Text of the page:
Threadneedle’s Mark Burgess outlines cuts to equity overweight, more underweight Asia

Mark Burgess, chief investment officer at Threadneedle, has commented on the manager’s decision to reduce its exposure both to equity in general and Asian assets in particular.

In our last asset allocation update, we framed the outlook for 2014 in the context of how bond markets deal with policy normalisation; what happens to emerging markets as a result; and whether corporate profits will meet expectations?

The first quarter has been a testing time for markets as they have grappled with the above, overlaid with an escalation in geopolitical risk, and ongoing concerns re the burgeoning Chinese credit bubble. Markets took serious fright in January and February, but risk appetite has returned and investor sentiment improved. In equities, with the exception of Japan, developed markets are now flat on the year, having been considerably weaker, whilst in emerging markets the picture is more mixed, albeit with a very significant rally in the last week. In fixed income, core yields are now rising again although at much lower levels than the beginning of the year, and are comfortably off the lows. Credit grinds ever tighter (can we still call it high yield at a 4 % yield?), and emerging market debt like its equity counterpart, has rallied strongly in the recent period.

When we consider the macro economic backdrop, the developed world is still on an improving trend, albeit at a slightly slower pace than we had expected at the beginning of the year. The Fed remains committed to an orderly ending of QE and expectations are now for short rates to start rising in H1 2015. It is difficult to know the impact of policy normalisation on the economy but it will be a headwind and debt remains stubbornly high. In Europe, deflation is rearing its ugly head and with a similar debt concern the ECB must surely be considering more imaginative policy options than hitherto. We would consider any new measures to be acting from a position of weakness. Arguably, given weak economic activity, a profoundly fragile periphery, and stubbornly low inflation, any new measures should have already been introduced. In Japan, Abenomics appears to have stalled, and the currency has stopped depreciating. Nervous of the impact of the consumption tax, the Nikkei has fallen sharply relative to other developed markets, in contrast to last year.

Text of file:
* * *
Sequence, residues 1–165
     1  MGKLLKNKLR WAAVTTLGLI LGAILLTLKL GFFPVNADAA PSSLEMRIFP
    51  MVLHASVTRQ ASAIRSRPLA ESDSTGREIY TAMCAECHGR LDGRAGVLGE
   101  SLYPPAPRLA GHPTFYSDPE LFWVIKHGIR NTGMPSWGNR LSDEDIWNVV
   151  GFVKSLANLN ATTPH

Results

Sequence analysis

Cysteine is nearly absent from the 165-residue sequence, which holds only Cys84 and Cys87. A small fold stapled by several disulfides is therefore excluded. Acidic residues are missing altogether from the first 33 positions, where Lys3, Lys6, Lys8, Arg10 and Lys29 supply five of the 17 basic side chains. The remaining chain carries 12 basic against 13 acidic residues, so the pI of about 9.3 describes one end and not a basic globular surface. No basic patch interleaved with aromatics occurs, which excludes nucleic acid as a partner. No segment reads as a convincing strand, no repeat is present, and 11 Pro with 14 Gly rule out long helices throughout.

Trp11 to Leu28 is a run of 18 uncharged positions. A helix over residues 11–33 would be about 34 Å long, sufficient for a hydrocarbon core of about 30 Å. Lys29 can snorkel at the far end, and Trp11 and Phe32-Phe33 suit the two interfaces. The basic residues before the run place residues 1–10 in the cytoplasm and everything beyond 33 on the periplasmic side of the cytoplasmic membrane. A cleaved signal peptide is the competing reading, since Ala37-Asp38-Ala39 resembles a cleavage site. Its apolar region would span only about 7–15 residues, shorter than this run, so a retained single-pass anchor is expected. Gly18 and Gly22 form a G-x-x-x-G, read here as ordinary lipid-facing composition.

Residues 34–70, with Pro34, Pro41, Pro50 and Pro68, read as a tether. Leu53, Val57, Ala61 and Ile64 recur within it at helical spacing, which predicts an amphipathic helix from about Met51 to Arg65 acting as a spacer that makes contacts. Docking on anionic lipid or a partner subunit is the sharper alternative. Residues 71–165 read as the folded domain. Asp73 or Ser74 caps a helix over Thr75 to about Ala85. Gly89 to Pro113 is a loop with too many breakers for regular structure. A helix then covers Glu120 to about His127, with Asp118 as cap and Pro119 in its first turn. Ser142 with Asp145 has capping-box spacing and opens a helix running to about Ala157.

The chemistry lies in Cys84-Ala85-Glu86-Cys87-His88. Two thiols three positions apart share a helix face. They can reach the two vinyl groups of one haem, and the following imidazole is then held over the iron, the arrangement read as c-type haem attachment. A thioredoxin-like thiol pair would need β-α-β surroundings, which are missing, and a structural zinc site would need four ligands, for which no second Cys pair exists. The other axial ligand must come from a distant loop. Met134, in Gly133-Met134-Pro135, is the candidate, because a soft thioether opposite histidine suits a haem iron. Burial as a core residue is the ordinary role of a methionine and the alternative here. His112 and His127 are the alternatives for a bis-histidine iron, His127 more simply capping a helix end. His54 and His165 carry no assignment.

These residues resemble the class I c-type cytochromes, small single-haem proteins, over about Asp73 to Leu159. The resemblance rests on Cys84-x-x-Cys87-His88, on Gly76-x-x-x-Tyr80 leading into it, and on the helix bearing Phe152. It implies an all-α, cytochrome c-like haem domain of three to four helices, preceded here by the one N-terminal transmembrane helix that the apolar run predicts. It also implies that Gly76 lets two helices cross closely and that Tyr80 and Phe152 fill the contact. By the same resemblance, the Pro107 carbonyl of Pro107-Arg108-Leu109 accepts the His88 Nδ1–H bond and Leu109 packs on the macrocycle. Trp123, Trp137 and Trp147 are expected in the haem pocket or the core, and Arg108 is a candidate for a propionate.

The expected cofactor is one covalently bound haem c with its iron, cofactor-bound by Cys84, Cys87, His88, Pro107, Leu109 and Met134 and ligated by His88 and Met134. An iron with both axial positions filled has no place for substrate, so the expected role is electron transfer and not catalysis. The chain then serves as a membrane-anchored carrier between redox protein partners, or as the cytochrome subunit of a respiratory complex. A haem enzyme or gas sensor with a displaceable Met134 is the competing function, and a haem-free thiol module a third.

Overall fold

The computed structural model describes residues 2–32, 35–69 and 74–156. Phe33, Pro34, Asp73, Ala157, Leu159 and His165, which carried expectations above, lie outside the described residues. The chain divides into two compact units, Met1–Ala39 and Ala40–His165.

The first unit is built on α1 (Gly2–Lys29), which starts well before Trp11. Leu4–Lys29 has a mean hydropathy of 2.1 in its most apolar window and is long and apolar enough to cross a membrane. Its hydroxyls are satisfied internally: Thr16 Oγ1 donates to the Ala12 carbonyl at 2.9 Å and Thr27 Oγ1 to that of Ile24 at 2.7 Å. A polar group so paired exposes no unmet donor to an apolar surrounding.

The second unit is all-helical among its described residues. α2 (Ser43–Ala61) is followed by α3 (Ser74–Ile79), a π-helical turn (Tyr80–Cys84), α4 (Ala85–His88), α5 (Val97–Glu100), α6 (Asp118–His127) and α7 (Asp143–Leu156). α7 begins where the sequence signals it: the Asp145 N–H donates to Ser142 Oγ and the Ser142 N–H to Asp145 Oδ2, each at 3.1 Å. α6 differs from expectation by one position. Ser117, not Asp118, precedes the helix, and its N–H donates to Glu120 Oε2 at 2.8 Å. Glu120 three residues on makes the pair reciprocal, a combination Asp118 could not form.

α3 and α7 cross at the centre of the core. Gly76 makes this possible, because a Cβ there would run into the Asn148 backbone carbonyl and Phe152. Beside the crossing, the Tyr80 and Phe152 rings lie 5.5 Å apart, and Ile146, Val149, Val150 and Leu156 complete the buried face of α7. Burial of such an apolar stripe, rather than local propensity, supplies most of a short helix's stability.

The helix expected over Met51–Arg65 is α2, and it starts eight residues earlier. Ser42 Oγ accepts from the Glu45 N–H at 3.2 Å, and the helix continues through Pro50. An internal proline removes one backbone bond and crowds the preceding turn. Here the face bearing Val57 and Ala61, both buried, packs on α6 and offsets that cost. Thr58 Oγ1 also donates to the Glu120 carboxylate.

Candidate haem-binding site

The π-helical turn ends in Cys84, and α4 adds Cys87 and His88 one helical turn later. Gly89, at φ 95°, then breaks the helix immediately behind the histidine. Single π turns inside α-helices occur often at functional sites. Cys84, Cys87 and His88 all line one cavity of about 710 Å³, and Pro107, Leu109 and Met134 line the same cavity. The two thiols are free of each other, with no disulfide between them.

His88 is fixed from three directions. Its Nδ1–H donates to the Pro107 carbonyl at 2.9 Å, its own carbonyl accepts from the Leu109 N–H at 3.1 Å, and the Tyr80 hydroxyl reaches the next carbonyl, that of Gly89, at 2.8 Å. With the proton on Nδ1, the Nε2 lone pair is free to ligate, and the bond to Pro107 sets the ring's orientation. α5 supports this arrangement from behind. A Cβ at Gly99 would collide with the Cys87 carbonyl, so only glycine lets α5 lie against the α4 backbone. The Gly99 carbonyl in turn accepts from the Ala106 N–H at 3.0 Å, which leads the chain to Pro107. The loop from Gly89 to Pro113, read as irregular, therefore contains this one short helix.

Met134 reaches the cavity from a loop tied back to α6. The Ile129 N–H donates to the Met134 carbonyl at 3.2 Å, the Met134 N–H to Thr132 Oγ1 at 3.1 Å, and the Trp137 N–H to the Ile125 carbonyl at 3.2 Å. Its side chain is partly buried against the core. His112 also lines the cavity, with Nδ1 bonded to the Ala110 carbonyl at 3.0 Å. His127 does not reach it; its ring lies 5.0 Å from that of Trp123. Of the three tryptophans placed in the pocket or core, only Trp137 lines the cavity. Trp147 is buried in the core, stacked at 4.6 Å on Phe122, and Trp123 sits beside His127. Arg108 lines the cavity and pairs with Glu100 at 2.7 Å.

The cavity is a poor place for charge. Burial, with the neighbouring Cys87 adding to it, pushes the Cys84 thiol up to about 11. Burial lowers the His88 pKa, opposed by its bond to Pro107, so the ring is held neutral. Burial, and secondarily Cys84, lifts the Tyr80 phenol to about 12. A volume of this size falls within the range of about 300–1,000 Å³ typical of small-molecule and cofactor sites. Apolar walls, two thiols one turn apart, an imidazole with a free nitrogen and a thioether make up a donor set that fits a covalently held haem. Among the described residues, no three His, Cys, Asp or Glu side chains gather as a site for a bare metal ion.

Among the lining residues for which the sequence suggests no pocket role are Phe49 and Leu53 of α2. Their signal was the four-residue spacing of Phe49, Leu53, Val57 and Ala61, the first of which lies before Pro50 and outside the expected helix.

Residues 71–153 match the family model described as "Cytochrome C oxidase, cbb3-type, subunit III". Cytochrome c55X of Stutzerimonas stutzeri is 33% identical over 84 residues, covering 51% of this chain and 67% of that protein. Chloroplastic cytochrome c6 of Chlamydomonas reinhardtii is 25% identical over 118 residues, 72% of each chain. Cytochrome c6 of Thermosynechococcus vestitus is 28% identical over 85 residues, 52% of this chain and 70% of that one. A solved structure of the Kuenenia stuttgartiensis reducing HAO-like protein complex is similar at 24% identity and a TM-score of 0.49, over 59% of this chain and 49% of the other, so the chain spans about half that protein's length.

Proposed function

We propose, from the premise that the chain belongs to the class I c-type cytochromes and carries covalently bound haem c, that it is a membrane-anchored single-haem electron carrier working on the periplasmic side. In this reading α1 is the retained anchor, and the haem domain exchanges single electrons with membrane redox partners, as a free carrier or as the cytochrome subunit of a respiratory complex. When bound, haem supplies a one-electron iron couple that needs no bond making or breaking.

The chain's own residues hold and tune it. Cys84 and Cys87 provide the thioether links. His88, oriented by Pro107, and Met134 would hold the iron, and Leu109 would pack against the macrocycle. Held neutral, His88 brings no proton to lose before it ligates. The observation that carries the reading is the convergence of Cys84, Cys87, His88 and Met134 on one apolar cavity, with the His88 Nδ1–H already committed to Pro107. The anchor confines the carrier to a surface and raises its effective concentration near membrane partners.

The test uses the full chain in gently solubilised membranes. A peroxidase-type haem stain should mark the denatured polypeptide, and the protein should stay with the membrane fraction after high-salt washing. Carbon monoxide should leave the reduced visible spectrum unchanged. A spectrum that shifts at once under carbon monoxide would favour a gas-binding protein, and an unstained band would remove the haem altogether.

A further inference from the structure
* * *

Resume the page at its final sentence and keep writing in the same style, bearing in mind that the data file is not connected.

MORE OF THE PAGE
Perhaps the biggest conundrum is China. Over the last few years there has been an explosion of credit, facilitated by the shadow banking system. Retail investors have been enticed into an array of savings products promising heady returns where the underlying investments are often opaque. It is clear that the authorities are now concerned about this and investors are surely going to see an increasing number of these funds go bust. Looking back through history at economies that experienced a similar growth in credit, it is difficult to find one that ended well. At best we are likely to see a material reduction in China’s growth rate, however it could be much worse. Clearly the prolonged underperformance in Chinese equities has discounted some of this, and valuations are low relative to other markets. However the unwinding of the Chinese credit bubble could severely test the Chinese financial system, and unnerve investors further.

Consequently we have decided to halve our overweight in equities and move to a neutral position in cash. Equity valuations remain attractive, but they are less compelling than they were. We increased our underweight to Asian equities on the China concerns and increase our overweight to Japan on the belief that the impact of the consumption tax will be lower than feared. Although we remain overweight equities, it would be fair to say we are less optimistic than we have been for some time. Within fixed income, core yields are going to grind higher, and there is much less value in credit given how far spreads have tightened. Only emerging markets look like they offer any real value. But given the China issue and geopolitical and macro risks, we are wary of increasing our weighting at present. If there is good news, it is that the environment is likely to throw up opportunities for stock pickers which we aim to continue to exploit.

 

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